However, as I understand it from the services covered under my insurance here, it seems like being sick in the US costs thousands of dollars more per year. Having children would also cost thousands more in the US. I can’t necessarily speak to the level of care that I would receive here in those situations, because I am mostly healthy now, thank goodness, and not pregnant. But judging from the level of care I have received so far, I believe it would be quite adequate.

Long story short, if you are covered under the national insurance system here, which has an affordable monthly cost, going to the doctor is cheap and easy!

Liberty and Justice for All

My family has Jewish heritage, and life in the Soviet Union wasn’t great for us. I don’t remember it, because I was too young when we left, but my parents told me how it was. My mom couldn’t follow her dream to be a lawyer because of her race; food was scarce at times; you couldn’t trust the people around you. Despite the challenges of having to learn a new language and culture, of having to make a new life from literally ~$300 and a suitcase each, of leaving loved ones behind, and of expecting another child (my mother was pregnant at that moment), my family decided to leave. That was how bad it was.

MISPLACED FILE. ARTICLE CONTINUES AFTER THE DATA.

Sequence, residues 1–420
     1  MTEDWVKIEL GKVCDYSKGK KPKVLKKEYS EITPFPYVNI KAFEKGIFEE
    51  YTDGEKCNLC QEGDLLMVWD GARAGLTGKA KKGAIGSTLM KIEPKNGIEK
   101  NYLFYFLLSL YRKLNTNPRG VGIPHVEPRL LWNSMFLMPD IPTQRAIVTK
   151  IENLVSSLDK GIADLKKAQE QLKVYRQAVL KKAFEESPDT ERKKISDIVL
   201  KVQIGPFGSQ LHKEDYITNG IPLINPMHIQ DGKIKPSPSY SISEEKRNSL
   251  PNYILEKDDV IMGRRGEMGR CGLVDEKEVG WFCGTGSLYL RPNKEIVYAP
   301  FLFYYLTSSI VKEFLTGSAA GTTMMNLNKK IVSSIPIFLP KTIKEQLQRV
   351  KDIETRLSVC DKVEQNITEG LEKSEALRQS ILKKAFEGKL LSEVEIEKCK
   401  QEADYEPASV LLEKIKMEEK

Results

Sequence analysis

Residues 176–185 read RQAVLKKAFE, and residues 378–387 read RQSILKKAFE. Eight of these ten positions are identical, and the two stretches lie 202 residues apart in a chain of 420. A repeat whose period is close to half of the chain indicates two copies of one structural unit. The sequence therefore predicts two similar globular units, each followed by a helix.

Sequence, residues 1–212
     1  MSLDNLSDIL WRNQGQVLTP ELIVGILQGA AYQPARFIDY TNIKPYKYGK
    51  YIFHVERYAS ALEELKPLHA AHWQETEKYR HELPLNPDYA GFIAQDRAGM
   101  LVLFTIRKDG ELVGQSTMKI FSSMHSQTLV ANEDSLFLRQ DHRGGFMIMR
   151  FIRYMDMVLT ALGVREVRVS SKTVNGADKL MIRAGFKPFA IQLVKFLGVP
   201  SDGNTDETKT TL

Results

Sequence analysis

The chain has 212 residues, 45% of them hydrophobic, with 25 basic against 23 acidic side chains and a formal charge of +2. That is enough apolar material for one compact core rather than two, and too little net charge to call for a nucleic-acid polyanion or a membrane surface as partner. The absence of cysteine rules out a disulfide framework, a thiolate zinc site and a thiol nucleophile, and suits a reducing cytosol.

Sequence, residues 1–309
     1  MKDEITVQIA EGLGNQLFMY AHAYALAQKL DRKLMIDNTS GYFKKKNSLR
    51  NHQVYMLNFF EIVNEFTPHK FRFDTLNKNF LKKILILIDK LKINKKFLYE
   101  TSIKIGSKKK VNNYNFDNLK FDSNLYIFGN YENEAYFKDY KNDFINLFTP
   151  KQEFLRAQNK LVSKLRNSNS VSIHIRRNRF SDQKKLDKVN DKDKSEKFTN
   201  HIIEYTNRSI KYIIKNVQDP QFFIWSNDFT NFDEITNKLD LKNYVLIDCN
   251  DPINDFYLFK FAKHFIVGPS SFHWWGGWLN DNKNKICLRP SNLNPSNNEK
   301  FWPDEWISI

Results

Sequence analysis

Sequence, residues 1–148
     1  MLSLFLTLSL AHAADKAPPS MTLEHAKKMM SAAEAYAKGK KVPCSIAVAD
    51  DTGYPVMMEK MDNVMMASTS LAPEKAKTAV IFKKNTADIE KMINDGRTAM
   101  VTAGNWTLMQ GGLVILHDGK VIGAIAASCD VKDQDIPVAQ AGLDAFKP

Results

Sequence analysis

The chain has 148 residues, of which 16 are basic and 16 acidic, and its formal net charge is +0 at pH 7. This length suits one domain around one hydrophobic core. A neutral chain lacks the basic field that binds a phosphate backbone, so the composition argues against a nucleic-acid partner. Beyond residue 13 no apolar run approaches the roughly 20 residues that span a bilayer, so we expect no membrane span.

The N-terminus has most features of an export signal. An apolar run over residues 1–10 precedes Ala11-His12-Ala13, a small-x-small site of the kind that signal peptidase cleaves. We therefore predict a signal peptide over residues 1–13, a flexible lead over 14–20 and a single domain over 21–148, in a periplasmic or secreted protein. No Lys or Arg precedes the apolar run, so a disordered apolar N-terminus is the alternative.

We left the Soviet Union right as it was collapsing to go to Israel. We didn’t speak Hebrew, and we weren’t religious, but because of our Jewish blood, Israel took us in. Three years later, the US accepted us thanks to my dad’s then-boss, who sponsored a visa for my dad to be able to come for work. We got citizenship in the US as fast as we could, but it still took forever (~10 years), because of constantly shifting laws and bureaucracy. Since then, I have felt like whatever happened in the past could stay in the past. Since then, I have known peace, comfort, and acceptance. I became an American, and I have always been proud to correct people when they tried to say that I was anything else. I will always be grateful to my parents for facing that terrifying unknown, in order to make a better life.

I’m afraid of what is happening in the US and the world today, because it resembles what happened in past decades. I have to believe that many of us in the US– most of us, in fact– are better than this, because otherwise I will give in to lament, and eventually, to apathy. I think that we can still turn this around. I don’t have the proper words to express my feelings, so I hope you’ll forgive me for asking the poets of the ages to come to my rescue.

From the United States Holocaust Memorial Museum :

First they came for the Socialists, and I did not speak out—
Because I was not a Socialist.

Then they came for the Trade Unionists, and I did not speak out—
Because I was not a Trade Unionist.

Then they came for the Jews, and I did not speak out—